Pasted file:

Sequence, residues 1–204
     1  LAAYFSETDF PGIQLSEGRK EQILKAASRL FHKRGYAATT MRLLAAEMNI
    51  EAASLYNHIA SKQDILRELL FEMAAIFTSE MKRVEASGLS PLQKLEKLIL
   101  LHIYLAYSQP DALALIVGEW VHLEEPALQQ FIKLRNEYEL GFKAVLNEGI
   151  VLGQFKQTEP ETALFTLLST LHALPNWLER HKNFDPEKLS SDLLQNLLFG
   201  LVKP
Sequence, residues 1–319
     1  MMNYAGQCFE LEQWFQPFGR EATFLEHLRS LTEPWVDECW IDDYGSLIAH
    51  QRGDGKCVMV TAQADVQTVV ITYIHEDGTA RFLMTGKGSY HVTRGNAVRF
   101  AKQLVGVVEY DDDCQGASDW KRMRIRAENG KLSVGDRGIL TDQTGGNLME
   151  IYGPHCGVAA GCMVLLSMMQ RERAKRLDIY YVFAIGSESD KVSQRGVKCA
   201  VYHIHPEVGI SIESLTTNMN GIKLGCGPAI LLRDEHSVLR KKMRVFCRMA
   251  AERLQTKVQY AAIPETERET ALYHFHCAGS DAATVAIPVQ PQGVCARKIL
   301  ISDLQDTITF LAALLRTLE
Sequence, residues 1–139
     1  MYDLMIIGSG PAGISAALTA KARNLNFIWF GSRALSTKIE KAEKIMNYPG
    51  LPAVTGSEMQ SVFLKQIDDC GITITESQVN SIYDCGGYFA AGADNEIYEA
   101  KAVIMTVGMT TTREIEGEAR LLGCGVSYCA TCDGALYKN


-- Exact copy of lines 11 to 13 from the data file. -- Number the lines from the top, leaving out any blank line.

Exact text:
   151  IYGPHCGVAA GCMVLLSMMQ RERAKRLDIY YVFAIGSESD KVSQRGVKCA
   201  VYHIHPEVGI SIESLTTNMN GIKLGCGPAI LLRDEHSVLR KKMRVFCRMA
   251  AERLQTKVQY AAIPETERET ALYHFHCAGS DAATVAIPVQ PQGVCARKIL